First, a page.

Air Corps wants to run all marine rescue services
THE Air Corps has submitted a proposal to the Department of Defence with a view to it operating all marine rescue services including Shannon Marine Rescue, which is currently operated on a private contract basis by Irish Helicopters Ltd, it was confirmed yesterday.
Following the Department of the Marine's recent advertisement in the EU Journal seeking tenders for the operation of the marine rescue helicopter service based at Shannon Airport, the Air Corps made a submission to the Department of Defence to include the Shannon service with others it operates around the country, a Department of Defence spokesman said.
The proposal was in a separate form to a commercial tender and would be examined jointly by the Departments of the Marine and Defence and then "put against" the winners of the tender competition.
The Shannon contract is worth over £20 million over a five year period, although the Department of the Marine may only renews the contract for 21/2 years. This, it is understood, may be to allow the Air Corps time to fit out aircraft to be based at Shannon.
A Department of the Marine spokeswoman said it under the Air Corps would not be in a position to fulfil the tender requirements by the end of 1996 when Irish Helicopters five year contract expires.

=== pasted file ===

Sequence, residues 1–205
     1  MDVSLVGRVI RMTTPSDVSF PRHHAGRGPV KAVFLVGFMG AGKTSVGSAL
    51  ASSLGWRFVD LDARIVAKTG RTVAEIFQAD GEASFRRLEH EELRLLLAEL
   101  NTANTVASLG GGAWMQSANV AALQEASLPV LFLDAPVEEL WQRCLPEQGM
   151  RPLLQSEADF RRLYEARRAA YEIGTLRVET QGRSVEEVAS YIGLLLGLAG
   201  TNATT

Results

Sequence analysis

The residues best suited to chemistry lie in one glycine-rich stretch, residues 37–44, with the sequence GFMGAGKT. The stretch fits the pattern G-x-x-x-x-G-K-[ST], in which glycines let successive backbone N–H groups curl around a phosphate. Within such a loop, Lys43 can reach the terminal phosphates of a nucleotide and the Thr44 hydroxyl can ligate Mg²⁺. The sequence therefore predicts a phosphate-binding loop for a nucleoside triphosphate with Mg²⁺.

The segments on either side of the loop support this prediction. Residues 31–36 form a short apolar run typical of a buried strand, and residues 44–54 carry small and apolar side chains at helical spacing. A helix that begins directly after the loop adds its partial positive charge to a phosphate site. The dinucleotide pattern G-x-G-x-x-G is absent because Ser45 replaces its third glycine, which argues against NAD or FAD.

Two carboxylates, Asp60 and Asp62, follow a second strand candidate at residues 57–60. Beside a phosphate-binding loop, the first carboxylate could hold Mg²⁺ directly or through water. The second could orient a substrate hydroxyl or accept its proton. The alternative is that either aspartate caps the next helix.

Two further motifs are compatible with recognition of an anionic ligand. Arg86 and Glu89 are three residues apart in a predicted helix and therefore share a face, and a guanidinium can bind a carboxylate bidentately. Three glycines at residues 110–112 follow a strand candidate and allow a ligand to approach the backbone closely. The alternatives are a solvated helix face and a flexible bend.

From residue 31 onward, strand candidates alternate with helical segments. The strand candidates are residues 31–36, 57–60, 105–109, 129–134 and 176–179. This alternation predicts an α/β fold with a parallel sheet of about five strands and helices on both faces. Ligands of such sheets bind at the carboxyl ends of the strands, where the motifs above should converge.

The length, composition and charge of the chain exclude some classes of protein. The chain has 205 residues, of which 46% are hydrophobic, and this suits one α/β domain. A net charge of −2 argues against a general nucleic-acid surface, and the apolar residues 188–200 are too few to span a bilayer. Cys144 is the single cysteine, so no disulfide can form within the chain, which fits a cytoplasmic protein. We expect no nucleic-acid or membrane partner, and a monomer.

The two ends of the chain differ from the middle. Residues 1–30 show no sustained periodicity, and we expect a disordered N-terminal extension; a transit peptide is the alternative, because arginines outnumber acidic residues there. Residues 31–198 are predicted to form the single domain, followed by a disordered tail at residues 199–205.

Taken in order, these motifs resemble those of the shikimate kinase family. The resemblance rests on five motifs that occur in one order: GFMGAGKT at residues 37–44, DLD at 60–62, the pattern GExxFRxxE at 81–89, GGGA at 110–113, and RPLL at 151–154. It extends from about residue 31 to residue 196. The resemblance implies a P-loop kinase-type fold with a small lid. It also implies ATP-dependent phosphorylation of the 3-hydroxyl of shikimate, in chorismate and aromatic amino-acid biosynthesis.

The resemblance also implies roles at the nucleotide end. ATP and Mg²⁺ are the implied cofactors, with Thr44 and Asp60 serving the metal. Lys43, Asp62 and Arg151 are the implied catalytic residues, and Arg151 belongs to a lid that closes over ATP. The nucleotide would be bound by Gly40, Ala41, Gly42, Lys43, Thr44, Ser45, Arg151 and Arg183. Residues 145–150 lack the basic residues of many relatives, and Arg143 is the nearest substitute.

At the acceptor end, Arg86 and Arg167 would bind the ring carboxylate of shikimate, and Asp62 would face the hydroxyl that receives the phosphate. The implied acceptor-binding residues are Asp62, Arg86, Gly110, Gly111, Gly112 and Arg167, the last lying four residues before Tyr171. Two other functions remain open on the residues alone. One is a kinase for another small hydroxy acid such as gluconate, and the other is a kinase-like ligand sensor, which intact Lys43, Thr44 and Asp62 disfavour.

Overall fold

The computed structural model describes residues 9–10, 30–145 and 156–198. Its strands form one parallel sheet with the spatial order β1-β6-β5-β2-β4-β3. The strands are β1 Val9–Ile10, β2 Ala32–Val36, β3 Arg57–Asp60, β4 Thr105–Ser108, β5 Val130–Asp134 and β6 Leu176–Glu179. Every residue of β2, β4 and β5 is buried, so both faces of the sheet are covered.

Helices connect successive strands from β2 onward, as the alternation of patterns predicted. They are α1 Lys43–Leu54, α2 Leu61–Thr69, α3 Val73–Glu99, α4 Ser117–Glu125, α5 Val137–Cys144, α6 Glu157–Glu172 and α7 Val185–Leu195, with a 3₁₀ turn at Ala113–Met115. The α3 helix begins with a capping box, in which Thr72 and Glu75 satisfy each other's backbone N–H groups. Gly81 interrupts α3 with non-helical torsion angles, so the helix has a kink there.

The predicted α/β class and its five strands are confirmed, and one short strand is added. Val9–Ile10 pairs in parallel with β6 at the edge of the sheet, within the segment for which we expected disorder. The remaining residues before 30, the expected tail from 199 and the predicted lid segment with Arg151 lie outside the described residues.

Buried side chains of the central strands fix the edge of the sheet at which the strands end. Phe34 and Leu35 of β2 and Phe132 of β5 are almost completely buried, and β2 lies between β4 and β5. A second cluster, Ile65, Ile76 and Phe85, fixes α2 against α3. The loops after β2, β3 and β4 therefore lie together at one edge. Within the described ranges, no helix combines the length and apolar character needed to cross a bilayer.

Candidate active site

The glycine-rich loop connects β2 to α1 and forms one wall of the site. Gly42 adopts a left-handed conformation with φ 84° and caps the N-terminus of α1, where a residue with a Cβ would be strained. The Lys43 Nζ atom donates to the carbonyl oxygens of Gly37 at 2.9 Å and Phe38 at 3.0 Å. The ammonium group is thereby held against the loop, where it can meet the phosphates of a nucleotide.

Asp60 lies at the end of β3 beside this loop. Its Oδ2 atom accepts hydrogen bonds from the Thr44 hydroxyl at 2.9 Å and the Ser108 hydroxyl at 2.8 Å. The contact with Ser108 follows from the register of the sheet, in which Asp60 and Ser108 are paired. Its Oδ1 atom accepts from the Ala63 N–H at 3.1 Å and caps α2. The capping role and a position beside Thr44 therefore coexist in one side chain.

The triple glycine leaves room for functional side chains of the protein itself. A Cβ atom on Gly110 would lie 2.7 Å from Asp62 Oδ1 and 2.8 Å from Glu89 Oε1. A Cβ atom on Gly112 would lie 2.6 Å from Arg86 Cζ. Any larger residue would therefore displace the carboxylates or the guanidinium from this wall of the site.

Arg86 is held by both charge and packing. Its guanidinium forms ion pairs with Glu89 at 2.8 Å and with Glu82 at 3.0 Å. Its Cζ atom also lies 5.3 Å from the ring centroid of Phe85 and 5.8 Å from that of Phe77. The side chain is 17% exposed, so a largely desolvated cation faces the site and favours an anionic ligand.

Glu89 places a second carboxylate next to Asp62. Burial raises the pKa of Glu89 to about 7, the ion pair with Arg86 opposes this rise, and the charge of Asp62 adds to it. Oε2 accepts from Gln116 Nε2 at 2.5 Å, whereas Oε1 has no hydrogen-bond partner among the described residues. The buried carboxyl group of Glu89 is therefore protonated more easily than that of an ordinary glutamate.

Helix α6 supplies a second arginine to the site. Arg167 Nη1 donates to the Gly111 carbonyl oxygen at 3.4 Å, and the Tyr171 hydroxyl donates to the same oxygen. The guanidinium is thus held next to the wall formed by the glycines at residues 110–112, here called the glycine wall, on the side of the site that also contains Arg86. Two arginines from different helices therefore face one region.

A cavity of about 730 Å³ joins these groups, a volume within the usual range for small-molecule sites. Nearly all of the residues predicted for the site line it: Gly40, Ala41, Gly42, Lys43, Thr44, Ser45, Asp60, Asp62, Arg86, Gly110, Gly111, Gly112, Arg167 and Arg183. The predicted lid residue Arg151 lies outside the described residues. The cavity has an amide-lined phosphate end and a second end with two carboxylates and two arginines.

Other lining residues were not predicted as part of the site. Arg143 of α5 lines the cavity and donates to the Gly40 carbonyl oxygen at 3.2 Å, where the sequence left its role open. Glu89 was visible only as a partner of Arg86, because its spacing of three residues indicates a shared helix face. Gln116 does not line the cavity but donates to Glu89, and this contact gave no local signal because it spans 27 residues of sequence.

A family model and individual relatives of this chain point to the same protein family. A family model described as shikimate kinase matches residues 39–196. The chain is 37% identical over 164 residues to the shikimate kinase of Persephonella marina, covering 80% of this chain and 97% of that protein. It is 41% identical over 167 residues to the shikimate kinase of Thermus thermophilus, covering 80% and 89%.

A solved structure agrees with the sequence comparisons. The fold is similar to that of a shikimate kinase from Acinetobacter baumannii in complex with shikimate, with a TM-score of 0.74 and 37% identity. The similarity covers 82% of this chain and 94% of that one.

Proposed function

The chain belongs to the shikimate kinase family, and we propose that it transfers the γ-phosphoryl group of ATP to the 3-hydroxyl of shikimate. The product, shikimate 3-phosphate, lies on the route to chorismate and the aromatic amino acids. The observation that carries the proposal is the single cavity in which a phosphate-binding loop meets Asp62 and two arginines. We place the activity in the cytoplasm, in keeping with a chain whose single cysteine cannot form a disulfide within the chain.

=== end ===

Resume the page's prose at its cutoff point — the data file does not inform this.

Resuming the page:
Irish Helicopters confirmed that it would be re-applying for the contract. "We will be tendering for the contract vigorously. The has operated very successfully if client [Department of the Marine] is very satisfied, a company spokeswoman said.
Irish Helicopters operate a Sikorsky machine at Shannon where they have 23 staff. Its advantage cover the Dauphin used by the Air Corps is that it has a greater carrying capacity and can fly in harsher weather. It can cover a greater range without refuelling, being, able to fly up to 200 miles off the western seaboard.
A Department of Defence spokesman said it was not possible yet to say what aircraft the Air Corps envisaged using at Shannon.
The Minister of State for the Mr Eamon Gilmore, said the contract decision would be based on who could supply the best service.